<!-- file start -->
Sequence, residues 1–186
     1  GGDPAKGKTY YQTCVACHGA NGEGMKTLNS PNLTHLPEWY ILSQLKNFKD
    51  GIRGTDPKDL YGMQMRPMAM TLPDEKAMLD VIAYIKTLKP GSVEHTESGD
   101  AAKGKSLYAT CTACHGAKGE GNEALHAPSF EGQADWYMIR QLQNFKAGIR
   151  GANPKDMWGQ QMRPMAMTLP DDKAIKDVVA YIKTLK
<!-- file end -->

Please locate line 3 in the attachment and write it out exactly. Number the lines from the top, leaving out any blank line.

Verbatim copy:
    51  GIRGTDPKDL YGMQMRPMAM TLPDEKAMLD VIAYIKTLKP GSVEHTESGD